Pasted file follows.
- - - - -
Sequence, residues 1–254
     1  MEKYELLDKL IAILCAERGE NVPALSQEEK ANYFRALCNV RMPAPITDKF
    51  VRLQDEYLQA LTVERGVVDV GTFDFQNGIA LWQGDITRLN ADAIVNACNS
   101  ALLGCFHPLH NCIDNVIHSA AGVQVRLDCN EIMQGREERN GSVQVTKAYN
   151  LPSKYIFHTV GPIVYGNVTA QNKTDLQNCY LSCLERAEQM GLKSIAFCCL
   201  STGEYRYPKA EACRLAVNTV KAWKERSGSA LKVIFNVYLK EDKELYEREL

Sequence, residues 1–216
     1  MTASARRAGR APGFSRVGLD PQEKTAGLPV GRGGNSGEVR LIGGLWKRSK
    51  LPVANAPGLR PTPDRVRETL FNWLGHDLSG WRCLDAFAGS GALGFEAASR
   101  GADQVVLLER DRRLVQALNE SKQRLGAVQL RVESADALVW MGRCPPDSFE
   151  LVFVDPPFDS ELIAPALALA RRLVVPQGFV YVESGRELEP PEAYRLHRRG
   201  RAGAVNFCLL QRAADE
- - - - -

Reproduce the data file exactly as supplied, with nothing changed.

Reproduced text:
Sequence, residues 1–254
     1  MEKYELLDKL IAILCAERGE NVPALSQEEK ANYFRALCNV RMPAPITDKF
    51  VRLQDEYLQA LTVERGVVDV GTFDFQNGIA LWQGDITRLN ADAIVNACNS
   101  ALLGCFHPLH NCIDNVIHSA AGVQVRLDCN EIMQGREERN GSVQVTKAYN
   151  LPSKYIFHTV GPIVYGNVTA QNKTDLQNCY LSCLERAEQM GLKSIAFCCL
   201  STGEYRYPKA EACRLAVNTV KAWKERSGSA LKVIFNVYLK EDKELYEREL

Sequence, residues 1–216
     1  MTASARRAGR APGFSRVGLD PQEKTAGLPV GRGGNSGEVR LIGGLWKRSK
    51  LPVANAPGLR PTPDRVRETL FNWLGHDLSG WRCLDAFAGS GALGFEAASR
   101  GADQVVLLER DRRLVQALNE SKQRLGAVQL RVESADALVW MGRCPPDSFE
   151  LVFVDPPFDS ELIAPALALA RRLVVPQGFV YVESGRELEP PEAYRLHRRG
   201  RAGAVNFCLL QRAADE